I first met Pascal Saint-Amans, director of the OECD’s Centre for Tax Policy and Administration, last fall, when he visited the Virginia offices of Tax Analysts. I had just taken the helm as editor of Tax Notes Internationaland was in the midst of a major paradigm shift. For 30 years I had worked as a tax litigator for the U.S. Department of Justice, where my cases focused on events that had occurred in the distant yesterday. Now I was editing a weekly magazine, where we focused on what was going to happen tomorrow.
I knew a little bit about the base erosion and profit-shifting project and was anxious to learn more. During an extended interview conducted by our talented reporters, Pascal enthusiastically taught us more about the project’s origin, goals, and timing than we might have expected during an afternoon conversation. And that knowledge – tempered by reading the supportive and contrarian views of tax professionals around the world – helped guide my understanding and our coverage of the OECD’s work under Pascal’s stewardship of the BEPS project.
Last year Pascal was the unbridled optimist. He described his enthusiasm at having been given the challenging task of getting the world’s tax administrations to agree on how to re-engineer a broken, outdated international tax system. He explained that all too often, that system taxed some income twice, some income in the “wrong” place, and other income not at all. Pascal seemed like a cheerleader who had a lot of faith in his team, even though it was just halftime of the first game of the season and the outcome was very much in doubt.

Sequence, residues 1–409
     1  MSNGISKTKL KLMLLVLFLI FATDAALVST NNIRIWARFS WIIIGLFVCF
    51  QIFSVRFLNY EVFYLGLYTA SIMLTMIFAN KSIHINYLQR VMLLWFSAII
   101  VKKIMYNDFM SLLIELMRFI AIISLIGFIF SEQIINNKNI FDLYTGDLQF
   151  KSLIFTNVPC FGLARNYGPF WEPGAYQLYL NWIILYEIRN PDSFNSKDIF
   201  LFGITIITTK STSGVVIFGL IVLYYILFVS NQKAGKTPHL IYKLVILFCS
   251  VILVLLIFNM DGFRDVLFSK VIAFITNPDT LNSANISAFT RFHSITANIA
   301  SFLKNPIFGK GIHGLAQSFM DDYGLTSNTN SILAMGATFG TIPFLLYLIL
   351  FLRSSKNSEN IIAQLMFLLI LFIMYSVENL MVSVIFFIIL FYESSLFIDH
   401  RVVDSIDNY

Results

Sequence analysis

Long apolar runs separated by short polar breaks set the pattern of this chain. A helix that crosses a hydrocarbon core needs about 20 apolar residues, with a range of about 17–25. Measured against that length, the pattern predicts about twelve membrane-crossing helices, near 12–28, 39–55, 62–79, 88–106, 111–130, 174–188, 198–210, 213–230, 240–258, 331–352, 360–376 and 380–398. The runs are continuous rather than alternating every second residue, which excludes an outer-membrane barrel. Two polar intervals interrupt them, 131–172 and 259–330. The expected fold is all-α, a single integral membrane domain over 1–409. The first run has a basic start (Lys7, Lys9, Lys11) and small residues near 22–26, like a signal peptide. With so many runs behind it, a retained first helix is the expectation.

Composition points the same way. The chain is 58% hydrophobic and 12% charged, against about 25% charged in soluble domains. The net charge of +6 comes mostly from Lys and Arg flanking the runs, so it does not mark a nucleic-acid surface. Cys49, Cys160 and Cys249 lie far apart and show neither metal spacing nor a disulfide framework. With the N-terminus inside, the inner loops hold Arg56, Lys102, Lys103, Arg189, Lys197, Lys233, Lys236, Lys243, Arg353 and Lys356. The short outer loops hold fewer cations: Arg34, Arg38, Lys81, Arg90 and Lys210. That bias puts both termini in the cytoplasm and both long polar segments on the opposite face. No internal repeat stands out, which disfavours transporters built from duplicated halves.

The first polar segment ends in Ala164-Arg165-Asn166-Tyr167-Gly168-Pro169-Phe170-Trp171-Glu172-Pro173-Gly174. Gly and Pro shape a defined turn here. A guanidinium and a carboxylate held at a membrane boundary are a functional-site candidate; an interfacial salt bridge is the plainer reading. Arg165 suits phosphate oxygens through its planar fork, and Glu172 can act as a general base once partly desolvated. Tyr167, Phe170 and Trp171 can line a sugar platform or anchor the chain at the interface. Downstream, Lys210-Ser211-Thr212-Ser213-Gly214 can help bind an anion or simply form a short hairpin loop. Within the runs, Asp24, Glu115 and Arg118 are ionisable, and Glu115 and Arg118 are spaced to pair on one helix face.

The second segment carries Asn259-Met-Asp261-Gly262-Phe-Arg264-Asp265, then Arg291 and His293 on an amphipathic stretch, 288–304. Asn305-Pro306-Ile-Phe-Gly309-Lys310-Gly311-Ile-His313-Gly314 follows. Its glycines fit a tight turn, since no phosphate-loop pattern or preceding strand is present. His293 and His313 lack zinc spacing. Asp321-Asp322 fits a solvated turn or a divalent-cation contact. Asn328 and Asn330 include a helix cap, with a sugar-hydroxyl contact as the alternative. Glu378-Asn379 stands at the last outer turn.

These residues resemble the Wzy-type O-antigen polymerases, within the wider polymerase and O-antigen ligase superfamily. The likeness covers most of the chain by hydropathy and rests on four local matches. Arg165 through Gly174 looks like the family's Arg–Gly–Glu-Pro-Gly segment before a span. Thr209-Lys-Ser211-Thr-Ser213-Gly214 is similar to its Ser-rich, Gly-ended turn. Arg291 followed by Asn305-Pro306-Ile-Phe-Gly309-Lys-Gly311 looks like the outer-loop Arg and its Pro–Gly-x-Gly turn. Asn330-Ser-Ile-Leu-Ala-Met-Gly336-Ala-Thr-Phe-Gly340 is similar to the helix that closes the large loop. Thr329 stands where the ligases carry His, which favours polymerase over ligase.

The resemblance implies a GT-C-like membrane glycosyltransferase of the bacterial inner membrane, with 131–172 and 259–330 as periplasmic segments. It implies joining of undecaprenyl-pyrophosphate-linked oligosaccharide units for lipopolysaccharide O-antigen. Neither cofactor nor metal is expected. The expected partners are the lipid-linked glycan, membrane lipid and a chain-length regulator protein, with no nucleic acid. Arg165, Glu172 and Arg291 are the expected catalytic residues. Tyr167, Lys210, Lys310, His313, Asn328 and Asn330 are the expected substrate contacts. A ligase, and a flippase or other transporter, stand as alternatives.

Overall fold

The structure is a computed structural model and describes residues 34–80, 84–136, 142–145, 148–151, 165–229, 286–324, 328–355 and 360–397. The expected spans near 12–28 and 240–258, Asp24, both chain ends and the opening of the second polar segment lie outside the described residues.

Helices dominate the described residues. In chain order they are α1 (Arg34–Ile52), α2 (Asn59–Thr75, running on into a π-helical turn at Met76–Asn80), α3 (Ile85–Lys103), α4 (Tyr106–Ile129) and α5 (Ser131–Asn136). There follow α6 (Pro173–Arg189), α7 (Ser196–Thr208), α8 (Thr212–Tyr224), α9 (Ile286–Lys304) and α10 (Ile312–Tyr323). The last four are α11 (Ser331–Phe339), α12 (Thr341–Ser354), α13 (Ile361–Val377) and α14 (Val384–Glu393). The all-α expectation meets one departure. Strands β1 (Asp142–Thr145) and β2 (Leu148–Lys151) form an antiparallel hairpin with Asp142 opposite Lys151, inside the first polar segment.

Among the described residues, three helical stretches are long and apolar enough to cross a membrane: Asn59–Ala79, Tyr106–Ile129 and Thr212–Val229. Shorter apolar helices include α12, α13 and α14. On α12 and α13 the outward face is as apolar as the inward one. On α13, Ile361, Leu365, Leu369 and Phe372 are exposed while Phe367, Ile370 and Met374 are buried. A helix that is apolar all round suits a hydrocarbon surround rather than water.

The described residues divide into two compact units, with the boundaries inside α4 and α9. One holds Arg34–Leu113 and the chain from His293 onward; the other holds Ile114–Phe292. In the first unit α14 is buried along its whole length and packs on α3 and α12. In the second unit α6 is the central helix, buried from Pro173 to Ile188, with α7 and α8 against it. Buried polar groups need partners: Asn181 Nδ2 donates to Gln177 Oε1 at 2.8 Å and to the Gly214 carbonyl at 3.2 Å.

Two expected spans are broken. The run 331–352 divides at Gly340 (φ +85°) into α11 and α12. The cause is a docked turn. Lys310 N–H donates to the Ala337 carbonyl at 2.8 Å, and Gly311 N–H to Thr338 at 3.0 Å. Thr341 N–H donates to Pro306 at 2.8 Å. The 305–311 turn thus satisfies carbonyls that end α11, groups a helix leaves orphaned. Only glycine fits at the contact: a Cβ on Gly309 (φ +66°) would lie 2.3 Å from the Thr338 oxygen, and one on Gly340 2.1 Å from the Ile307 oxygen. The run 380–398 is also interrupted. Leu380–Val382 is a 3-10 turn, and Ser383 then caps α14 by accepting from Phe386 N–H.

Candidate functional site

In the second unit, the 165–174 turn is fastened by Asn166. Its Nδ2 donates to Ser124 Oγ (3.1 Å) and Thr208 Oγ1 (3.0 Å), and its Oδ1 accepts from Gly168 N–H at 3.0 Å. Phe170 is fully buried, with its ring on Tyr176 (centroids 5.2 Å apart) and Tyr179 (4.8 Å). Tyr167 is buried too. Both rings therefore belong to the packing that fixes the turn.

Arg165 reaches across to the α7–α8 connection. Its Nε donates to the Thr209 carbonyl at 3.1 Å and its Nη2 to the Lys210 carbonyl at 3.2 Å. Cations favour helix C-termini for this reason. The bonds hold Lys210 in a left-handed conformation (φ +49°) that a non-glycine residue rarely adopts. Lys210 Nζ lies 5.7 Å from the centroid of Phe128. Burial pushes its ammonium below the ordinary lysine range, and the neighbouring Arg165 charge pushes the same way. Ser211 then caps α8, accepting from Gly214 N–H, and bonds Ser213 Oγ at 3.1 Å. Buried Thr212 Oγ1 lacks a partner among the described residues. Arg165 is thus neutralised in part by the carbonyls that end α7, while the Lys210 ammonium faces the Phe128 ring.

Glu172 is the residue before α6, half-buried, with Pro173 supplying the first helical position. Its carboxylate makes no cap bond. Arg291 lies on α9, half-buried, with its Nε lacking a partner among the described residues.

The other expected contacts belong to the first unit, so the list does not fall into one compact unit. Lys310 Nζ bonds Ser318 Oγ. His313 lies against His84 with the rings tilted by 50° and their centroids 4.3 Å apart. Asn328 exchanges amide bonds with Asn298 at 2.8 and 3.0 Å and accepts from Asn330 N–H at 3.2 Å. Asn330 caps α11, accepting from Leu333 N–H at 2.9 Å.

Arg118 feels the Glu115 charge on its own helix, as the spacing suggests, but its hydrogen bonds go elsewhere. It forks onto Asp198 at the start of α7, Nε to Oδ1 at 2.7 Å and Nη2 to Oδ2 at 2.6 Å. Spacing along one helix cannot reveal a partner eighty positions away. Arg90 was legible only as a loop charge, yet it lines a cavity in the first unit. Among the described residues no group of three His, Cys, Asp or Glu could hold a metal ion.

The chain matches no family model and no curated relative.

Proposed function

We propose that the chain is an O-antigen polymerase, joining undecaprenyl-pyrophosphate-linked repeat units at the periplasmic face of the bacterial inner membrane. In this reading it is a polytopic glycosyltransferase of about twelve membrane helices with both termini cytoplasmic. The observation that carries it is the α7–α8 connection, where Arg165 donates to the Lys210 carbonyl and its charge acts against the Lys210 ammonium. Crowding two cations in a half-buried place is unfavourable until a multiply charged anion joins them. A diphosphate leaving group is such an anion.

I saw Pascal earlier this month at New York University, where he delivered the 20th annual David A. Tillinghast Lecture on international taxation. He displayed the same enthusiasm for the BEPS project as he had a year earlier. But now Pascal was no longer the cheerleader. He was the lead architect of a team that had completed the challenge to design a new structure for international taxation. And unlike Pascal the cheerleader who last year was urging his team to succeed, Pascal the architect was proudly touting the blueprints that his team had designed, and talking about how construction had already begun.
If it sounds like I admire this charming Frenchman, who has taken on and executed with apparent joy what some might consider a fool’s errand, I do. But not because the project is perfect. Certainly not because the project will transform international taxation overnight. No. I admire Pascal because he is the right person for the job, appointed at the right time, with the right skills, and perhaps most importantly, the right attitude. Pascal began his talk at NYU by downplaying its timing, coming less than one week after the G-20 finance ministers approved the BEPS final reports. He then explained the series of events that brought the world to this moment. He talked about the challenges his team faced in completing the project, as it sought and received input from hundreds of keenly interested stakeholders. And he talked candidly, but still enthusiastically, about the challenges and opportunities the final reports present. Only time will tell whether the BEPS plans ultimately succeed. But observers have enough information now to conclude that Pascal Saint-Amans has proved a worthy steward of the BEPS project. I look forward to watching him use the personal and professional skills that brought the OECD this far, to oversee the implementation of the architecture – regardless of how beautiful or ugly any given tax professional may view the design of the building itself.